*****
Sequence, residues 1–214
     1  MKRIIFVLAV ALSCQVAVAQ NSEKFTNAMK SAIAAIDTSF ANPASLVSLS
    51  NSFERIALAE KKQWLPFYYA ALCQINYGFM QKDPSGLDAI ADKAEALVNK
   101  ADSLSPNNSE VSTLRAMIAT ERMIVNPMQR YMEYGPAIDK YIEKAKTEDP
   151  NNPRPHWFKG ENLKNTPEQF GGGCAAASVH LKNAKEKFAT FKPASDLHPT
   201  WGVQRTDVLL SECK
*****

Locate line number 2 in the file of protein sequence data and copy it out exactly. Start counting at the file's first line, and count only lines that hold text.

     1  MKRIIFVLAV ALSCQVAVAQ NSEKFTNAMK SAIAAIDTSF ANPASLVSLS